Yesterday was our last day in Vancouver. We got up late, packed, then went to Go Fish, a little fish-and-chips stall near Grandville Island. It’s right next to the water, and at this time of day and year the tiny seating area was entirely in shadow, though there’s a heat lamp or two.
A family of four or five were there. The mother was sitting on a (metal) chair directly under the heat lamp, with a small boy on her lap. Both were wearing what looked like heavy jackets. The father was at the counter waiting for the food, where there was also a water dispenser and cups.
Father: Want some water?
Mother (annoyed): NO. Nothing cold.
Father gets water anyway and puts the cup on the table near the boy.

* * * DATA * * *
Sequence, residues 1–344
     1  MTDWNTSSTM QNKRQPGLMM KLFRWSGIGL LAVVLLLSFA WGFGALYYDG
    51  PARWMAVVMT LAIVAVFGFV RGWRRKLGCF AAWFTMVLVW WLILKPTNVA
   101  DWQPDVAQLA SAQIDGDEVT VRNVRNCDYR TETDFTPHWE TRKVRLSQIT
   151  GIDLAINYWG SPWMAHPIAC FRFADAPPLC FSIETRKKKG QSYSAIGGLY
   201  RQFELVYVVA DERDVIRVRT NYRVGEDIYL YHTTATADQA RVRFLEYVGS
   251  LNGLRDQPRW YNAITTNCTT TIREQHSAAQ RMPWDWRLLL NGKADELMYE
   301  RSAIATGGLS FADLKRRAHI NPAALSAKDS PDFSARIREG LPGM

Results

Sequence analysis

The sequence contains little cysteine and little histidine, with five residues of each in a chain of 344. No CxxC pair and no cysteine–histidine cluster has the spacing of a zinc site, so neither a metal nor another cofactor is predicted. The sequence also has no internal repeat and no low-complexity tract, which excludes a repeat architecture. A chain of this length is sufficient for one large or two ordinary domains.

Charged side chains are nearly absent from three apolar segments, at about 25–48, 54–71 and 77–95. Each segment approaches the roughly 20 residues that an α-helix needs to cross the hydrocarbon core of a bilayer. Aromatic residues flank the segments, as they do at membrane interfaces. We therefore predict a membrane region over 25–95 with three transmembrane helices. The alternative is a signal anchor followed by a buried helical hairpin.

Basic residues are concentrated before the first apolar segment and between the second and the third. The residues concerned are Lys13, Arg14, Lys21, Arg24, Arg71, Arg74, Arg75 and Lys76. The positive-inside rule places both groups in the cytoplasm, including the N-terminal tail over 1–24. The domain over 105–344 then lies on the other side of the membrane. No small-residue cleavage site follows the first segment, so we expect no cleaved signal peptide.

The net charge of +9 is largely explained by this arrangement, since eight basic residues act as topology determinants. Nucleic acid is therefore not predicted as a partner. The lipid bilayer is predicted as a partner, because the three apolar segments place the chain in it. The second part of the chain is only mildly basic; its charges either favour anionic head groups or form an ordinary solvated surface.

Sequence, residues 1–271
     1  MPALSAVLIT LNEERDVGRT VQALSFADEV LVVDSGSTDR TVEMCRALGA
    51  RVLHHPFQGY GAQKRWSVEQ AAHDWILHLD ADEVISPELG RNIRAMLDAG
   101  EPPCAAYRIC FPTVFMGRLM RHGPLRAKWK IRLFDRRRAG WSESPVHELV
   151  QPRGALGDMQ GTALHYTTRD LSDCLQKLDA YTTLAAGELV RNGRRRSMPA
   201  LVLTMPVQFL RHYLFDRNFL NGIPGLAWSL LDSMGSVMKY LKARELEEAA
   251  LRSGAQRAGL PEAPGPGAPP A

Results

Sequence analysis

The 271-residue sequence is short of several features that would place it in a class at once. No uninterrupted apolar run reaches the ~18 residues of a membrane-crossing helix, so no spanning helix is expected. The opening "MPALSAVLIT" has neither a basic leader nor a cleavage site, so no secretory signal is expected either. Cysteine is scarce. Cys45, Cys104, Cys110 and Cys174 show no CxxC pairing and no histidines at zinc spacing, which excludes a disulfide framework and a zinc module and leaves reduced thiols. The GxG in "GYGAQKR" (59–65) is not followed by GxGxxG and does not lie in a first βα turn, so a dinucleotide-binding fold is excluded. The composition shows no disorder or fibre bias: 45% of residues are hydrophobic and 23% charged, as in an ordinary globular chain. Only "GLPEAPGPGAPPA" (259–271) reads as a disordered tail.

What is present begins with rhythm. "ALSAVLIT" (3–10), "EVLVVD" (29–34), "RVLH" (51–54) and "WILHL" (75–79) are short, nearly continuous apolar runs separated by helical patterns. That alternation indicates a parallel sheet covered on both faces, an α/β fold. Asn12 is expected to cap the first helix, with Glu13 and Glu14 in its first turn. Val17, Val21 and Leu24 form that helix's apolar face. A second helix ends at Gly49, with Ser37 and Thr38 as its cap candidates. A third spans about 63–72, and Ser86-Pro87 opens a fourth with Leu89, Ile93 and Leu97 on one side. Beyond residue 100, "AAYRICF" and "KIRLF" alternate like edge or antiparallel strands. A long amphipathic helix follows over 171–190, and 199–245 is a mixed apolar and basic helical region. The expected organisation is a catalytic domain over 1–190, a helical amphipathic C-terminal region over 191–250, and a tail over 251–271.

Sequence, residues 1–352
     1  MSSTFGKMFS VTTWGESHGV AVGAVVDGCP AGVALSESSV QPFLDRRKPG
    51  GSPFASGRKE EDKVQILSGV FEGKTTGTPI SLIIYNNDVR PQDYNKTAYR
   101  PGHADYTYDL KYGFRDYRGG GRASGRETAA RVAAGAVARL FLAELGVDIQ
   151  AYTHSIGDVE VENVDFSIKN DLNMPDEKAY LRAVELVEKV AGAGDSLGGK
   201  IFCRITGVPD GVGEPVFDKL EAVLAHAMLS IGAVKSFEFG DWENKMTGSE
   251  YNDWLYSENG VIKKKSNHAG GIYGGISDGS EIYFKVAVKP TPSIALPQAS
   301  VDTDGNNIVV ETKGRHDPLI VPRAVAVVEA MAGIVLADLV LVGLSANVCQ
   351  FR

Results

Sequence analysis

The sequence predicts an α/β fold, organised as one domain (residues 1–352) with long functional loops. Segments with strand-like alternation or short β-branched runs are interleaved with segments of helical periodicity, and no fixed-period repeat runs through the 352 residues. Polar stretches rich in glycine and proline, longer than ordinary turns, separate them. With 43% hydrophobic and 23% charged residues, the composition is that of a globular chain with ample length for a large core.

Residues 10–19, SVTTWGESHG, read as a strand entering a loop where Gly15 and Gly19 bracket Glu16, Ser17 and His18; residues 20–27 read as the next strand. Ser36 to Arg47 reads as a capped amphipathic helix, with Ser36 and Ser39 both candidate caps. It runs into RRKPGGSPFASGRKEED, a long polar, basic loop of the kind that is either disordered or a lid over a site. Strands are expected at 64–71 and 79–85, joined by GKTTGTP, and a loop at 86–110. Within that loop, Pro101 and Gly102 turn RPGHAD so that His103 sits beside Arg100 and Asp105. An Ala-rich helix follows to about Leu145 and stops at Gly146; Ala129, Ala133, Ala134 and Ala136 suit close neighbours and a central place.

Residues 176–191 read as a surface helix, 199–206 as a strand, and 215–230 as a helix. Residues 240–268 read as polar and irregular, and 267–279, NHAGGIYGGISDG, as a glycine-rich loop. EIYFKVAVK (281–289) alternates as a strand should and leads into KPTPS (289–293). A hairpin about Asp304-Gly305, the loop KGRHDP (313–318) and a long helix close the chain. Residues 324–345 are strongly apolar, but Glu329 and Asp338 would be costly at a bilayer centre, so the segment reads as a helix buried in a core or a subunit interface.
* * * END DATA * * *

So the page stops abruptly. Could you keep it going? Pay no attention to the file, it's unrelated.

Mother: I said, no cold water. It’s too cold. (to the boy) Don’t drink that, it’ll make you colder.
Boy reaches for cup as she talks and drinks.
Mother: Why did you do that?! It’s cold. It’ll make you colder.
Boy (slightly indignant): I’m thirsty.
It was the clearest example of “I’m cold, put on a sweater” that I’ve ever seen. The kid was wearing a jacket and sitting on a presumably warm lap under a heat lamp. The mother, I saw when they were leaving, was wearing thin leggings or yoga pants while sitting on a metal chair (which was cold, as I know since I was sitting on one too). Why she hadn’t put jeans on over her leggings, I’ve no idea. Why it never occurred to her that her kid, who was about to eat salty fish and chips, might be thirsty, I’ve also no idea.
The fish and chips were delicious, by the way. Even if by the end of the meal my fingertips were going numb and my backside was an ice block. The rest of me was fine.